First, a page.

China should adopt a systemic approach to prevent financial risks amid a lack of coordination among different regulatory agencies, a central bank advisor said.
"We have rolled out many measures and guidelines to tackle financial risks, but each of them only covers a separate field. We need a broader vision of supervision and should think about how to deal with risks at a macro level," said Huang Yiping, a monetary policy committee member of the People's Bank of China, during the China Economists 50 Forum on Sunday.
Earlier separate guidelines, either on fintech or financial products regulations, are not enough to prevent contagion risks as new problems may arise in the future with ever increasing interconnectedness across different sectors and rapid product development, according to Huang.
He said the government needs to adopt systemic approach, which requires regulators to make effective decisions, jointly enhance their capacity to coordinate and improve supervision efficiency.
A more systemic approach also requires the regulators to monitor institutions' behavior, identify and mitigate risks on a timely basis, according to Huang.
His comments echoed the earlier financial stability report issued by the central bank, where it proposed more coordination and more efforts to narrow gaps across different regulatory bodies.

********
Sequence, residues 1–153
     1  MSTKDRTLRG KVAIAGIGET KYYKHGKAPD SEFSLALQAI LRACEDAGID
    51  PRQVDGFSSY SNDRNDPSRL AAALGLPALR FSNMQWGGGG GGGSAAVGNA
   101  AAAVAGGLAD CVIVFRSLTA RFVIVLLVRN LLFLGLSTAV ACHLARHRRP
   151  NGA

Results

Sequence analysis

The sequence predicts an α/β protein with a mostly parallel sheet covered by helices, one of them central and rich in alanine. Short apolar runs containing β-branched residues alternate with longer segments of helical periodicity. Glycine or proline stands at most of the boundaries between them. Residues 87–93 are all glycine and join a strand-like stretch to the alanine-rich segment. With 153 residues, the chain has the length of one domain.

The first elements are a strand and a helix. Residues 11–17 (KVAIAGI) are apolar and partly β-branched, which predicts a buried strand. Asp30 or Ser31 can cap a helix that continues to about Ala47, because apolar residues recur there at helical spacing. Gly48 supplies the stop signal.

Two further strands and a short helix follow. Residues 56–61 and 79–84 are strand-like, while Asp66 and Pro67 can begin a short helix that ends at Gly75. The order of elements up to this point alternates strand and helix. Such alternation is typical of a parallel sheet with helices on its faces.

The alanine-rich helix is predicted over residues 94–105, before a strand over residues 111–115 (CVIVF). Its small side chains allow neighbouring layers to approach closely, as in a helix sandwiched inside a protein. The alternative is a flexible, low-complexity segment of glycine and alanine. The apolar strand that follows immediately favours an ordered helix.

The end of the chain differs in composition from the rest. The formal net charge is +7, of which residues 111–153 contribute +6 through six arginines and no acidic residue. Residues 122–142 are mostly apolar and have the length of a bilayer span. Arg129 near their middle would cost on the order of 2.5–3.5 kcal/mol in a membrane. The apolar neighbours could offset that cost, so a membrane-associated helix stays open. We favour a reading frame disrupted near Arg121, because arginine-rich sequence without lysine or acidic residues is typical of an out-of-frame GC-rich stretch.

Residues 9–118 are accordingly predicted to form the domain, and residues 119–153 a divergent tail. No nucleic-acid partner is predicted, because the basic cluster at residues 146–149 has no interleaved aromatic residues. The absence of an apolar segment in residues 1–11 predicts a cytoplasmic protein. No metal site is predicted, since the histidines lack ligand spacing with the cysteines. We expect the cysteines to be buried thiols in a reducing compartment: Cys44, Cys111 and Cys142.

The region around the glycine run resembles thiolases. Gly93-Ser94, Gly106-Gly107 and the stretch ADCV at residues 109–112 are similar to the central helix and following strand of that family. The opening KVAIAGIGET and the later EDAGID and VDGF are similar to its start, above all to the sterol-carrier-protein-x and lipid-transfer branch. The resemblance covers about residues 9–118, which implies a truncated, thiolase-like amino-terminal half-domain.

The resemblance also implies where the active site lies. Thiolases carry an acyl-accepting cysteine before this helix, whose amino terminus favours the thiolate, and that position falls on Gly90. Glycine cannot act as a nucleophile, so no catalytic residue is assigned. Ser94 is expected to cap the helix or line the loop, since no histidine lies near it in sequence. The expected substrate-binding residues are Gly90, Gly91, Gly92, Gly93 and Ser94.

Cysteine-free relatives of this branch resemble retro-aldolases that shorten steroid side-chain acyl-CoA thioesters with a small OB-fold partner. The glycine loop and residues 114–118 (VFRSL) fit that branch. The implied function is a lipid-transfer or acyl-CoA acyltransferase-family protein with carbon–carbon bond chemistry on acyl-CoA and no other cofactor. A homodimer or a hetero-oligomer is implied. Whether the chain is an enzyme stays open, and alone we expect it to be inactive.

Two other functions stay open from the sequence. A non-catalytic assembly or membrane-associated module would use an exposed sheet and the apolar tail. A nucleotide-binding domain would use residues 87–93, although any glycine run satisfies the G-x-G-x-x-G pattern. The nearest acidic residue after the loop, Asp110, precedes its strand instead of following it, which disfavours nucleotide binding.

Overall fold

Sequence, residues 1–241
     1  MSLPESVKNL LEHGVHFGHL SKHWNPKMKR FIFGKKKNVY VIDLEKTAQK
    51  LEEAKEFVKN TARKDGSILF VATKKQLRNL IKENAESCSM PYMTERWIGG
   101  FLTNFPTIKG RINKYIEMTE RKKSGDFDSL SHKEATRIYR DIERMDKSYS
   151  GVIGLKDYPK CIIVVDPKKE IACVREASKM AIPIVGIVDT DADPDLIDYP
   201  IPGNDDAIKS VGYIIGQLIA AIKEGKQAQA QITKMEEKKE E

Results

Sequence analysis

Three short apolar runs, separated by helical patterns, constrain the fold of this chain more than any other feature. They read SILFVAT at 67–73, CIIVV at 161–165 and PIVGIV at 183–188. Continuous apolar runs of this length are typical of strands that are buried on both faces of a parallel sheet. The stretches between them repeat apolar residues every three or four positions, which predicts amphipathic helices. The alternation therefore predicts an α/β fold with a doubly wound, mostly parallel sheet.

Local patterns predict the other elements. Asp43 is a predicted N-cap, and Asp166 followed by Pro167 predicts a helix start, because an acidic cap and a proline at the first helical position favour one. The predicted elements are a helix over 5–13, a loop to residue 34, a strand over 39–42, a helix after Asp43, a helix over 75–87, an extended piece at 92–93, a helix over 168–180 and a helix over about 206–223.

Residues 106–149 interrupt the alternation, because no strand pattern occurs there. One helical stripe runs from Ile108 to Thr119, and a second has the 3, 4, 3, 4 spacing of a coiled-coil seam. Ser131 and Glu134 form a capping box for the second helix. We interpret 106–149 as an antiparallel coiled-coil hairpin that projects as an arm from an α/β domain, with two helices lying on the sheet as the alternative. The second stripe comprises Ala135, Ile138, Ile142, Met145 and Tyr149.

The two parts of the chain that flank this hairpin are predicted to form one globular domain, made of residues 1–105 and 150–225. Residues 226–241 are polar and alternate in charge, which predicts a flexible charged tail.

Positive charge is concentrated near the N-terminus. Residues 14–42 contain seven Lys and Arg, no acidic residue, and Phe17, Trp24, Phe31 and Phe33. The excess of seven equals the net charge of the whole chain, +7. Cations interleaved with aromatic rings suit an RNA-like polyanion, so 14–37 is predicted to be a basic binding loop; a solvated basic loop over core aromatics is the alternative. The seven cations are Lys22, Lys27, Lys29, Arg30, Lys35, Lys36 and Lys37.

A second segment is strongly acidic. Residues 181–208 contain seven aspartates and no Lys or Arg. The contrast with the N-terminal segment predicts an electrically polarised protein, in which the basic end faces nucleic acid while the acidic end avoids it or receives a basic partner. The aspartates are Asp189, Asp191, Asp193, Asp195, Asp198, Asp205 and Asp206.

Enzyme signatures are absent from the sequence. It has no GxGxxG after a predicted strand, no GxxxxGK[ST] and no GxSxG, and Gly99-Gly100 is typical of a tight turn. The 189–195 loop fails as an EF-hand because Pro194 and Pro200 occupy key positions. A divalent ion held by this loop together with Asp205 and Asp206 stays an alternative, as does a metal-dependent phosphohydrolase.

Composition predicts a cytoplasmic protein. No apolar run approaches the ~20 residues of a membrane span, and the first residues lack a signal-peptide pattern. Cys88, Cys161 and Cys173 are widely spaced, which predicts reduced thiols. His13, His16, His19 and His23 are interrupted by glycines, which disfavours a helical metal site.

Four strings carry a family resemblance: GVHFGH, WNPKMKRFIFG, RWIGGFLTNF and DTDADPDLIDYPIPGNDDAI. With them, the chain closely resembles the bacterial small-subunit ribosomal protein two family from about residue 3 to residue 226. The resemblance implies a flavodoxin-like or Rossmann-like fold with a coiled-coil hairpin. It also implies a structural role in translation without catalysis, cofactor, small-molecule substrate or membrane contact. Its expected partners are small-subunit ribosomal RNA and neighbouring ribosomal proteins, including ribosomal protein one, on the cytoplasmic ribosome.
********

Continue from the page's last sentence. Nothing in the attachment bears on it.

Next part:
China's cabinet-level committee to oversee financial stability is able to play a key role in coordinating policymaking, according to Huang.
He referred to the Financial Stability and Development Committee, which is expected to help unify policy standards.
No further details of responsibilities shouldered by the committee have been revealed since it held its first meeting in November.
Huang added if the current regulatory framework remains unchanged, regulators might be able to work under three coordinating systems－the Financial Stability and Development Committee, a monetary policy committee, and a financial policy committee.
His comments go against some earlier speculations that the nation's central bank would combine with the other three regulatory agencies and become a super regulator.
China's financial system is governed by the central bank, the China Banking Regulatory Commission, the China Securities Regulatory Commission and the China Insurance Regulatory Commission.
No action has been taken to indicate such a combination.
Xu Zhong, head of the People's Bank of China's research bureau, wrote in a report earlier this month that the government is considering giving the central bank greater power in monitoring supervision of the entire financial sector, and that regulators should balance efforts to encourage innovation and enhance supervision.